As an English literature graduate, I have always associated old, leather-bound books with great works of fiction. But when I stumbled across the Newport office’s very own ONS library, I found grand volumes instead packed with statistics.
My job as a content designer is to make ONS publications more user-friendly and easier to understand. With each release we publish, I ask “what is the user need, and how can we meet it?”. As I explored the shelves of old ONS print publications, I wondered – just how far have we come in making our releases more useable over the years?
By comparing our digital economic releases with their print predecessor, a weighty tome published in 1971 called Economic Trends, I decided to find out.
Moving from print to digital
Economic Trends would have been far more time-consuming to get hold of than today’s digital equivalent. Rather than visit a public library, the general public would have most likely relied on interpretations of the data from politicians and the media.
In comparison, in the last 12 months, over 60% of our web traffic has come from “inquiring citizens” using mobile phones. We’ve massively expanded the general public’s access to an unbiased source of statistics.
Economic Trends’ physical format would have also presented logistical issues to its publishers. When flicking through, I noticed a slip of paper added in post-publication to correct some inaccurate employment figures. This manually-added correction note would have cost extra money, time, and labour.
In comparison, if we discover an error post-publication today, we add a correction notice to the webpage with ease.
Making content accessible
Through screen readers, adaptive keyboards, and other digital assistive technologies, online content is now far more accessible to people with additional needs. But in 1971, we knew very little about writing for people with disabilities.
For example, Economic Trends contains italicised headings; we now avoid italicised text, because it can be harder to read for people with dyslexia.
It also uses plus (+) and minus (-) symbols for positive and negative numbers, and hyphens to connect number sequences (for example, 200-300 rather than 200 to 300). We write these out in full today because some symbols are not accessible to screen readers. They can also make a page look cluttered and cause a disruptive reading experience.
With each printed page incurring extra publication costs, Economic Trends also uses every inch of space efficiently by wrapping paragraphs and minimising space between lines of text.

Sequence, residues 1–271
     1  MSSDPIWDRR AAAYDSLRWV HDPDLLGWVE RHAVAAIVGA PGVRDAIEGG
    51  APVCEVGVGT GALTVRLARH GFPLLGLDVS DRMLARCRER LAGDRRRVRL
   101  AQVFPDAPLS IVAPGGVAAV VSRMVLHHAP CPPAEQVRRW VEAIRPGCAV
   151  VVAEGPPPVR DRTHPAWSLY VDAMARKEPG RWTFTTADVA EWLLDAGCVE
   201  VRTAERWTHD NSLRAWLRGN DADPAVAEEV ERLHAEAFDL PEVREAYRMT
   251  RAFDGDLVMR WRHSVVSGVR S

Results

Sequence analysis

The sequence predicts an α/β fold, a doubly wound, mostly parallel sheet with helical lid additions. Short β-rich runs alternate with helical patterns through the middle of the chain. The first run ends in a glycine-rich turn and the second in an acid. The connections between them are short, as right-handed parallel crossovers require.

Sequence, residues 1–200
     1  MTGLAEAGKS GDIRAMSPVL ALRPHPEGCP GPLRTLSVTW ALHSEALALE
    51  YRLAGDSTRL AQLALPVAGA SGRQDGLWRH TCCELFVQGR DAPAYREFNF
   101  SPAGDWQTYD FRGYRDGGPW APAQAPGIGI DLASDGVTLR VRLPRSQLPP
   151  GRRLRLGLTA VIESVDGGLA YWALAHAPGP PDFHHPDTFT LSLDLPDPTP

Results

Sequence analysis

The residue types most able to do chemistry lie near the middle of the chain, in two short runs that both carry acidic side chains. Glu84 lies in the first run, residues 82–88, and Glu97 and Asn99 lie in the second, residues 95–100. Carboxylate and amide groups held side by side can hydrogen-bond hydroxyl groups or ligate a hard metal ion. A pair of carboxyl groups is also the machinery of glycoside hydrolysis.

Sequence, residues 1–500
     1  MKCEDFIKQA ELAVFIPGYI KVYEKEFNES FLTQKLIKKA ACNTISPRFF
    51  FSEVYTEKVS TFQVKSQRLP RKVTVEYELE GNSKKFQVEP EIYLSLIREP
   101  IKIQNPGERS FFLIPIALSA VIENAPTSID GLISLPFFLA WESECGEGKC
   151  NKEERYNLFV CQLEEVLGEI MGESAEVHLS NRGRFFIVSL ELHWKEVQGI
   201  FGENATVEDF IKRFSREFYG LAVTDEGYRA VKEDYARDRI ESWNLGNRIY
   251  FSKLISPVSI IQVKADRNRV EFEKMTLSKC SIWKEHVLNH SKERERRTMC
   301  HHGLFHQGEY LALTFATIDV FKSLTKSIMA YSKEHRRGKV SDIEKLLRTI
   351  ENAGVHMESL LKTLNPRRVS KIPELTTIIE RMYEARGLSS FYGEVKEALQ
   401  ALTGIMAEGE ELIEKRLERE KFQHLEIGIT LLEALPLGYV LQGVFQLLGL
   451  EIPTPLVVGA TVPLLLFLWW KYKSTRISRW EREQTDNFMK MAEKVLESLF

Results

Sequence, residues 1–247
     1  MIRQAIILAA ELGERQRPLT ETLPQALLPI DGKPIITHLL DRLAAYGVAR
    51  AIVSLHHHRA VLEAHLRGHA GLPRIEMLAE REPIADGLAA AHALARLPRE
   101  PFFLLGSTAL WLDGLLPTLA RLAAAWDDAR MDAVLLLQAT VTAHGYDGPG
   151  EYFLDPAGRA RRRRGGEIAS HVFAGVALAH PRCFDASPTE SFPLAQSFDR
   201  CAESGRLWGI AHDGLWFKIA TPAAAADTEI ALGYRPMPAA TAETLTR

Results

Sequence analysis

However, people with visual impairments find small text that is close together difficult to read. In digital releases today, we avoid overwhelming users with “walls of text” and instead:
Writing in plain English
The language we use also affects the readability of our content. I found certain sections of Economic Trends difficult to understand. For example:
“As the estimate of personal savings is obtained as the difference between two large aggregates it is subject to a wide margin of error, but over the first three quarters of 1970 as a whole the ratio of savings to personal disposable income was over ½ per cent greater than in the corresponding period of 1969.”
This sentence requires several re-reads to untangle its meaning. The Hemmingway tool assesses its readability score as “post-graduate”. This is much higher than the average UK reading age of nine years that we aim for in ONS releases today. We now try to write in plain English that can be understood by all users. For example:
“The household saving ratio decreased to 8.6% in Quarter 3 (July to Sept) 2021 compared with 10.7% in Quarter 2 2021.”
This similar quote from our Quarterly sector accounts bulletin uses clearer language and has a readability score of “grade eight” (age 13 years) . This is not “dumbing down” information; it is opening it up to everyone, such as those with English as a second language.
Making navigation intuitive
Economic Trends’ contents page accurately describes to readers what each section is about. For example, a reader wanting a broad economic overview would feel confident visiting a section labelled “The economic situation”.
Descriptive section headings are still prioritised in content design today. The more descriptive the heading, the easier users can find their required information.
However, Economic Trends’ contents page does not include page numbers to tell readers where to find each section – making its descriptive headings less useful.
Today, we help users navigate our releases through intuitive user journeys. When users visit the economy page, they’ll find a series of content tiles, each home to an economic topic; clicking a tile takes users straight to the relevant releases. That’s to say nothing of search engine optimisation (SEO), where a quick google search lands users directly on a publication.
Straightforward navigation should not stop when the user reaches their desired page either. That’s why each release we publish has its own table of contents. These contain jump links, meaning users can “jump” straight to a specific section with a click.
Presenting information in the correct format
Visualising data helps users to understand complex content. But several tables in Economic Trends are complicated and inaccessible.
The text-only tables are dense and overwhelming. Our accessible tables guidance now states that tables should only be used for presenting data. This content would now be written out using clear subheadings and/or simplified bullet points.
In half a century, we’ve come a long way in making our content more user-friendly. That is not to criticise the print publications of the past; without the old, we could not create the new, and we are continually striving to improve our users’ experiences.
In another 50 years, I have no doubt we’ll look back on today’s digital releases and see yet again how far we’ve come.